Tag Archives: Sylvia Miller

No Shelf Required’s two new publications

No Shelf Required has been busy this past year exploring the many topics of eBooks and libraries.  Very soon, two new publications will be available from ALA Publishing which share the No Shelf Required name.  These new publications contain completely new content, expanding upon No Shelf Required: E-books in Libraries, ALA Editions, 2011. Details are below.  For a complete list of NSR publications, please visit our publications page.

The first publication will be the No Shelf Required Guide to E-Book Purchasing.  This guide will appear in the November/December (v. 47 n. 8)  issue of Library Technology Reports (direct URL coming soon).  Chapters and contributors in this double issue include: Continue reading

Enhanced e-books and “portal books” – publisher/library partnerships

The following is the second post from Sylvia Miller, Project Director, “The Long Civil Rights Movement,” University of North Carolina Press.  This post discusses enhanced e-books and “portal books,” those that offer multimedia links from annotations within the book.

This is a follow up to a recent posting on what we have learned from the LCRM Project’s online publishing pilot.

This blog post has two sections:

1.  Publisher-library partnerships and enhanced e-books
2.  Links to related “portal books” projects and enhanced e-books Continue reading

Lessons Learned: The UNC Press ‘Long Civil Rights Movement’ pilot project summarized

Sylvia Miller, Project Director for “Publishing the Long Civil Rights Movement,” University of North Carolina Press has given me permission to post in entirety, the following.  It is a summary of the Long Civil Rights Movement pilot project, which took place over the past 14 months.

This post contains 4 sections:

1. Close of the online pilot
2. The expected, the unexpected, and in between
3. What did we learn?
4. What is next for the LCRM Project?

Coming soon:  A follow-up post on enhanced e-books Continue reading

4 Principles for E-book Discovery & Visability

Here is another blog post from Sylvia Miller, Director of “Publishing the Civil Rights Movement” at the University of North Carolina Press, summarizing a Charleston Conference presentation.  It is reprinted with permission.  (Thanks Sylvia, you are making my job easy!)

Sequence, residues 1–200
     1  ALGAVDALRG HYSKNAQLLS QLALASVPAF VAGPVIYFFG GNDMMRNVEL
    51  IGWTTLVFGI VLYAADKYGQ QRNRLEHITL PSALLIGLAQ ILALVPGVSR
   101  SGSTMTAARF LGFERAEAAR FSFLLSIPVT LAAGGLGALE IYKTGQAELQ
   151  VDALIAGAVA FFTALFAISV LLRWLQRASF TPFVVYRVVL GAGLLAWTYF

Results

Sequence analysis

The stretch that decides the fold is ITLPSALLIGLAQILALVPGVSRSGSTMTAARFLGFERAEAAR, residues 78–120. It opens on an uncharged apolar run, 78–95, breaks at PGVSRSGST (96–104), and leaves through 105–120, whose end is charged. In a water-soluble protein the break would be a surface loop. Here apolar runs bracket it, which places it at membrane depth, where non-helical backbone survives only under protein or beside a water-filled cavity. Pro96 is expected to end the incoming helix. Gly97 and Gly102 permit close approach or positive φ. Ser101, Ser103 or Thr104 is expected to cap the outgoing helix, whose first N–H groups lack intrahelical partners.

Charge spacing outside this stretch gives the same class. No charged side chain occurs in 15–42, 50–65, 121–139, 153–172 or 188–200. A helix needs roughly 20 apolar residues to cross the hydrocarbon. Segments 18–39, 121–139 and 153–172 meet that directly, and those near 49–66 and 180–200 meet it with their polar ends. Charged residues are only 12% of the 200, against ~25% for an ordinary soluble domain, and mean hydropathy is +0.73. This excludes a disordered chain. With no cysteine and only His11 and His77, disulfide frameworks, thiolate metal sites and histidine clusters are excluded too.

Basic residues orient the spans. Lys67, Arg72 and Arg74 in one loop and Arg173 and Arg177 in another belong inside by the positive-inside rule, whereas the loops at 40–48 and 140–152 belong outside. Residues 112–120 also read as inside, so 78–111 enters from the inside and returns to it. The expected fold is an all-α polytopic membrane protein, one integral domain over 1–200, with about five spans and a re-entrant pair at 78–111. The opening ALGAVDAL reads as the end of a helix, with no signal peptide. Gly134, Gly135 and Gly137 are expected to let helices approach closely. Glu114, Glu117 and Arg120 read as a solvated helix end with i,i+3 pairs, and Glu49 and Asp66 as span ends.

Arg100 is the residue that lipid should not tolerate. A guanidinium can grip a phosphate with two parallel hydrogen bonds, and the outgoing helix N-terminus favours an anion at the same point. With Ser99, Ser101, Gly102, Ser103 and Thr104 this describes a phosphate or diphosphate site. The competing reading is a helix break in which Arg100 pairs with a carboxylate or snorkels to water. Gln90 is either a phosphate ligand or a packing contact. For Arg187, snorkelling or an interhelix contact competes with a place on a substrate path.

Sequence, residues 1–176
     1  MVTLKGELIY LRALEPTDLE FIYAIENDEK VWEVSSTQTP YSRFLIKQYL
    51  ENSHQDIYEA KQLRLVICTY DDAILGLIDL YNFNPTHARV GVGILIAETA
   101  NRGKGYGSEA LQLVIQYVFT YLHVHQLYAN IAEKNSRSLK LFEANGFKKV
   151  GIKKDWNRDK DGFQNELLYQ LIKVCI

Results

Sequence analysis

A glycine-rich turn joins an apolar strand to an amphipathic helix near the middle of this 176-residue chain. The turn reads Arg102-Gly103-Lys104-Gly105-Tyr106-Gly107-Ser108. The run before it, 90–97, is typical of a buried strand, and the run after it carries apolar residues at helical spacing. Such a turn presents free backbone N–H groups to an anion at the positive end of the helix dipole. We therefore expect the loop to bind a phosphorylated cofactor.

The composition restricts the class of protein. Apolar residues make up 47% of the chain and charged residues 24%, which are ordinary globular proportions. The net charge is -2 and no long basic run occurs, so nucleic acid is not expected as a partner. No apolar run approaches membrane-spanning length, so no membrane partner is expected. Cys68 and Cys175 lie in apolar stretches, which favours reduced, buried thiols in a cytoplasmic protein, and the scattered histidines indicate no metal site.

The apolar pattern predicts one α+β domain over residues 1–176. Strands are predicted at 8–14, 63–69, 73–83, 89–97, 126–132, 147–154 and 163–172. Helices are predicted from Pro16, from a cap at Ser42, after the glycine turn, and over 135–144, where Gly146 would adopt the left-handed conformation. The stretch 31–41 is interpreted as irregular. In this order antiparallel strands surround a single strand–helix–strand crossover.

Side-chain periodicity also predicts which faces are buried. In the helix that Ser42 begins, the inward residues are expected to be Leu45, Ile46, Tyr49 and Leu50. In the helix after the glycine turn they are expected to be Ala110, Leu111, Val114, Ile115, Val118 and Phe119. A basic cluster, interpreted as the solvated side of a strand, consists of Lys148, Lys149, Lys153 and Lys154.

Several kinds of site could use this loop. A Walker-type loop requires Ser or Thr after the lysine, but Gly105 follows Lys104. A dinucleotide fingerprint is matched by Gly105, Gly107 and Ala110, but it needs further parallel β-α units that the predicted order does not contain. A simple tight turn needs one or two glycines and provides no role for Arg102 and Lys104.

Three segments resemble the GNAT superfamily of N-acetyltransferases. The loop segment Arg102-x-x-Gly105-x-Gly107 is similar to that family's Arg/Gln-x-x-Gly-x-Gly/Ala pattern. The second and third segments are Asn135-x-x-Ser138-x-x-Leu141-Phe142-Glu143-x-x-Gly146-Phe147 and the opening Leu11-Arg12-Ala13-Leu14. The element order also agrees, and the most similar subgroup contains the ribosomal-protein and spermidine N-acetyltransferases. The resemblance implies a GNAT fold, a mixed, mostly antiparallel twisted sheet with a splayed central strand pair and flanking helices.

At the Charleston Conference, I attended an all-day preconference workshop on e-books organized by Sue Polanka of Wright State University (who runs the blog No Shelf Required), Carolyn Morris of Coutts Information Services, and Janet Fischer of Publishers Communication Group, Inc. I was especially impressed with the final talk of the day, given by Anh Bui of HighWire Press, Stanford University–probably because she said things that support the ideas in our Long Civil Rights Movement online pilot!
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The Charleston Conference – top 10 thoughts

The following summary of the Charleston Conference was written by Sylvia Miller from the University of North Carolina Press, and author of “Publishing the Long Civil Rights Movement” blog.  It is reposted with permission

Trains and battleships were two of the most telling metaphors that presenters at last week’s Charleston Conference used in their attempt to describe the strength, speed, and scariness of the changes currently taking place in academic librarianship and scholarly publishing.  The news media and press outlets that focus on education and publishing seem to regard 2009 as a tipping point for public acceptance and business success of e-books.   The speakers at this conference attended by 1,000 academic librarians and scholarly publishers clearly recognized that this enormous change is upon us.

In a talk entitled “I Hear the Train A Comin’”  Kevin Guthrie, President of Ithaka, asked, “When the tracks and the cars come up to everyone’s door, what happens to the beautiful old train station?”  He was of course referring to the impact of the Web on libraries, many of which may no longer be needed as physical repositories of content duplicated down the street, across town, and online.

Responding to this year’s conference theme “Necessity Is the Mother of Invention,” several speakers urged librarians to act quickly and strongly for positive change.   Ivy Anderson of the California Digital Library said that reorienting libraries toward the future was “like turning a battleship around.”  In an inspiring keynote speech, David Lankes of the Information Institute of Syracuse memorably referred to the dubious efficacy of “conducting exit interviews on the deck of the Titanic“!

Lankes urged librarians to recognize their mission “to improve society through facilitating knowledge creation in their communities” and become innovative, proactive leaders.  When I described the speech to a colleague here at UNC Press, she immediately said, “That could also apply to publishers!”  I told her that in fact the first audience member to comment during the Q&A session said exactly that.  In another plenary speech, Douglas Armato of the University of Minnesota Press concluded, speaking of libraries and publishers, “If we’re not dealing with this evolution together, we should be.”
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